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Determinants of Financial Market Spillovers; The Role of Portfolio Diversification, Trade, Home Bias, and Concentration

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  • Yoko Shinagawa
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    This paper defines financial market spillovers as the comovement between two countries’ financial markets and analyzes financial market spillovers over the period 2001-12 through four channels: bilateral portfolio investment, bilateral trade, home bias, and country concentration. The paper finds that, if a country has a large amount of bilateral portfolio exposure in another country, these two countries’ comovement of bond yields are large. Also, countries’ geographical preferences impact financial spillovers; if a country has a stronger home bias, the country could have less spillovers from foreign financial markets. A policy implication from this result is that, if countries become less home-biased and have a greater amount of portfolio investment assets, they should strengthen prudential regulations to mitigate against rising risks of financial spillovers (or risk greater volatility owing to comovement with foreign markets).

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    Paper provided by International Monetary Fund in its series IMF Working Papers with number 14/187.

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    Length: 24
    Date of creation: 17 Oct 2014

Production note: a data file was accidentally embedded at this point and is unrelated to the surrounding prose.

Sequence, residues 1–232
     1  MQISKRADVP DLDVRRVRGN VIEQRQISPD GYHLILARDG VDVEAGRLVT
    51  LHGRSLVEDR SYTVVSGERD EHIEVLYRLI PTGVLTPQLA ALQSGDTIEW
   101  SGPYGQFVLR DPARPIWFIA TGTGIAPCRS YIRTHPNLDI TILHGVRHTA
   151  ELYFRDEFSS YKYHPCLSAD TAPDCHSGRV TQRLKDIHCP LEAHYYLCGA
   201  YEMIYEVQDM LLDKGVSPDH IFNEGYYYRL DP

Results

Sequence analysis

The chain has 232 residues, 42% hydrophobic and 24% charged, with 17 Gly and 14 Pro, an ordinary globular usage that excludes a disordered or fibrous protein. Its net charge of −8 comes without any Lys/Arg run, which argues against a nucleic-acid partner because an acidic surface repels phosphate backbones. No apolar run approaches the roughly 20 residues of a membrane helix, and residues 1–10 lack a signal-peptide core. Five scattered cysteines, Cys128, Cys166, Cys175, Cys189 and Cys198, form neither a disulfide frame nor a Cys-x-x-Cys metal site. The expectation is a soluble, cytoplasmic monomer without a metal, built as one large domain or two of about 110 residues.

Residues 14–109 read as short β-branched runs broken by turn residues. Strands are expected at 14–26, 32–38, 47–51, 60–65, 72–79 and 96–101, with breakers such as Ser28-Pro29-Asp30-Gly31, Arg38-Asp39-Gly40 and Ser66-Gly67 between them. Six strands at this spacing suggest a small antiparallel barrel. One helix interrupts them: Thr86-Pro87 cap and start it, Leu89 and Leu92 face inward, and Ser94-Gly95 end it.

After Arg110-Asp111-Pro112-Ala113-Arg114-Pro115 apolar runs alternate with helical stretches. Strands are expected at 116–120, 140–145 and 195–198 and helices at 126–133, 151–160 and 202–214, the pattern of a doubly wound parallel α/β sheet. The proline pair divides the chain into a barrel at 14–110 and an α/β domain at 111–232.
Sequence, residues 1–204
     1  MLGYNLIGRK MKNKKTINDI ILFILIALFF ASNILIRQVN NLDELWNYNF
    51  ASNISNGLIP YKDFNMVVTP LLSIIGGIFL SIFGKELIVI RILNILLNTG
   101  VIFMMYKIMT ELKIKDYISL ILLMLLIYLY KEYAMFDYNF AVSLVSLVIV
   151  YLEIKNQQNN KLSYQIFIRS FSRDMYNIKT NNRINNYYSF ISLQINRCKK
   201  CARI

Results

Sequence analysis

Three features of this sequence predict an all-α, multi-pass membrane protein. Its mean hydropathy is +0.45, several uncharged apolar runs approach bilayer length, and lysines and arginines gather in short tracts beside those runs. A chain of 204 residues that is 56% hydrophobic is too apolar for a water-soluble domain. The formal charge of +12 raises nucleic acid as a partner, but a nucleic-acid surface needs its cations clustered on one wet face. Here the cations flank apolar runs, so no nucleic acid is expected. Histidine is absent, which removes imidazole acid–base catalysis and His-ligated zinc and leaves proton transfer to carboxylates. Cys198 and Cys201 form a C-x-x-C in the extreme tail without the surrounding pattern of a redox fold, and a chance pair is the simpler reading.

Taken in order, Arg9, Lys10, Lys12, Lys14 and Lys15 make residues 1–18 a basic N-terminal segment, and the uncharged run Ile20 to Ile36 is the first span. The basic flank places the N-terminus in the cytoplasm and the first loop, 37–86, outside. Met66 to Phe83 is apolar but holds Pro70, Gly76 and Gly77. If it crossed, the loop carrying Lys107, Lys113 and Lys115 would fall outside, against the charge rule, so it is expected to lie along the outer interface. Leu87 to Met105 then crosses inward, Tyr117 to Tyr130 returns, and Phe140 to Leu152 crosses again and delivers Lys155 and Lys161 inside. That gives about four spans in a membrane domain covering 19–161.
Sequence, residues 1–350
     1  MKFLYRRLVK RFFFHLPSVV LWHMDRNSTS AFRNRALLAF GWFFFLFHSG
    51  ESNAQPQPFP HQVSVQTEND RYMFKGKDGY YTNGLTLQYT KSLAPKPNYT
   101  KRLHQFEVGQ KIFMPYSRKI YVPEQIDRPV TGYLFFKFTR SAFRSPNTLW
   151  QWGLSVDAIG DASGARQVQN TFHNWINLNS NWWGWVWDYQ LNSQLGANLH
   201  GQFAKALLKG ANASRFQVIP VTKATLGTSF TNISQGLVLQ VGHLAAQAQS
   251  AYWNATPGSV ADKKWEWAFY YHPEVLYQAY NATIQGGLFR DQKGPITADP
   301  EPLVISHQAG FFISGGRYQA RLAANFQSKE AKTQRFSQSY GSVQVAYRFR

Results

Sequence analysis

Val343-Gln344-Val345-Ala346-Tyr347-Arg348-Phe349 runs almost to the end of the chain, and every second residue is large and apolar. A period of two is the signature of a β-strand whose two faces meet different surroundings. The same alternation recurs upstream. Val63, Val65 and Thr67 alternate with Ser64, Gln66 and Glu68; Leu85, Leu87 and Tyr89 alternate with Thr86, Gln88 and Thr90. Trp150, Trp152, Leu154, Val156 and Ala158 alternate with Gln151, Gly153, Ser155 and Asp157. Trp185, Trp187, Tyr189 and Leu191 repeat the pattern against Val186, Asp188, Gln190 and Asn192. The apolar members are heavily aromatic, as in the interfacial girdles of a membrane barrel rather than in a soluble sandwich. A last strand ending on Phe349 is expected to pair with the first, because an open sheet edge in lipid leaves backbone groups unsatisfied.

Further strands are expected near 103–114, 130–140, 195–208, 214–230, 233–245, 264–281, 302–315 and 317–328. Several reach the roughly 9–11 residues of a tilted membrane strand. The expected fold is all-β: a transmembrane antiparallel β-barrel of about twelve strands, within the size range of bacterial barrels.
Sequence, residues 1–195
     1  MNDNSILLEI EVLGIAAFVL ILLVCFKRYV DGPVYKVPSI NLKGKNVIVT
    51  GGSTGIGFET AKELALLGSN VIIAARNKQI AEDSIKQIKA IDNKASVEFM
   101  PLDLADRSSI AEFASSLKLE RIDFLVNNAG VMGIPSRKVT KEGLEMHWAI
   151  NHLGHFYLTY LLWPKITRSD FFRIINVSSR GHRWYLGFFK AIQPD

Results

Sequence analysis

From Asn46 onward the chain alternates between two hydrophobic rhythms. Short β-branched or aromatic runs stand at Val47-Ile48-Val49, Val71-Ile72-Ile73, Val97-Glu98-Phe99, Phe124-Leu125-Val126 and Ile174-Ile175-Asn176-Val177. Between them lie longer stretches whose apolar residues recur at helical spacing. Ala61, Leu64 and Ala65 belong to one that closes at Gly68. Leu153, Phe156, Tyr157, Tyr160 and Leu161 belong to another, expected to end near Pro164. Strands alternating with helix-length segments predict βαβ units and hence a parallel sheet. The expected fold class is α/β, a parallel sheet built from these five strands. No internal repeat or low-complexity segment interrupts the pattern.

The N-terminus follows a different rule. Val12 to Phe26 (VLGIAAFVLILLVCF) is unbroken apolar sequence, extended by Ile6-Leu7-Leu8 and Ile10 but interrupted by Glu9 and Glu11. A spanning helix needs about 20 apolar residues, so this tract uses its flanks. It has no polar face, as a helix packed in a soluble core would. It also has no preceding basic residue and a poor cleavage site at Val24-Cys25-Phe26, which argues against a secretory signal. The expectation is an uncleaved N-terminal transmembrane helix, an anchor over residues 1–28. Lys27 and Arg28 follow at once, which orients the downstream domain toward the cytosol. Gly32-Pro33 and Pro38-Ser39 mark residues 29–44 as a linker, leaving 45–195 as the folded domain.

Handle: RePEc:imf:imfwpa:14/187
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    1. Nicolas Coeurdacier & Hélène Rey, 2013. "Home Bias in Open Economy Financial Macroeconomics," Journal of Economic Literature, American Economic Association, vol. 51(1), pages 63-115, March.
    2. Karen K. Lewis, 1999. "Trying to Explain Home Bias in Equities and Consumption," Journal of Economic Literature, American Economic Association, vol. 37(2), pages 571-608, June.
    3. Kristin J. Forbes & Roberto Rigobon, 2002. "No Contagion, Only Interdependence: Measuring Stock Market Comovements," Journal of Finance, American Finance Association, vol. 57(5), pages 2223-2261, October.
    4. Sorensen, Bent E. & Wu, Yi-Tsung & Yosha, Oved & Zhu, Yu, 2007. "Home bias and international risk sharing: Twin puzzles separated at birth," Journal of International Money and Finance, Elsevier, vol. 26(4), pages 587-605, June.
    5. Shujing Li & Hamid Faruqee & Isabel K. Yan, 2004. "The Determinants of International Portfolio Holdings and Home Bias," IMF Working Papers 04/34, International Monetary Fund.
    6. Iuliia Brushko & Yuko Hashimoto, 2014. "The Role of Country Concentration in the International Portfolio Investment Positions for the European Union Members," IMF Working Papers 14/74, International Monetary Fund.
    7. Marcin Kacperczyk & Clemens Sialm & Lu Zheng, 2005. "On the Industry Concentration of Actively Managed Equity Mutual Funds," Journal of Finance, American Finance Association, vol. 60(4), pages 1983-2011, August.
    8. Clemens Sialm & Zheng Sun & Lu Zheng, 2013. "Home Bias and Local Contagion: Evidence from Funds of Hedge Funds," NBER Working Papers 19570, National Bureau of Economic Research, Inc.
    9. Kristin J. Forbes, 2012. "The “Big C”: identifying and mitigating contagion," Proceedings - Economic Policy Symposium - Jackson Hole, Federal Reserve Bank of Kansas City, pages 23-87.
    10. Manuel Arellano & Stephen Bond, 1991. "Some Tests of Specification for Panel Data: Monte Carlo Evidence and an Application to Employment Equations," Review of Economic Studies, Oxford University Press, vol. 58(2), pages 277-297.
    11. Bunda, Irina & Hamann, A. Javier & Lall, Subir, 2009. "Correlations in emerging market bonds: The role of local and global factors," Emerging Markets Review, Elsevier, vol. 10(2), pages 67-96, June.
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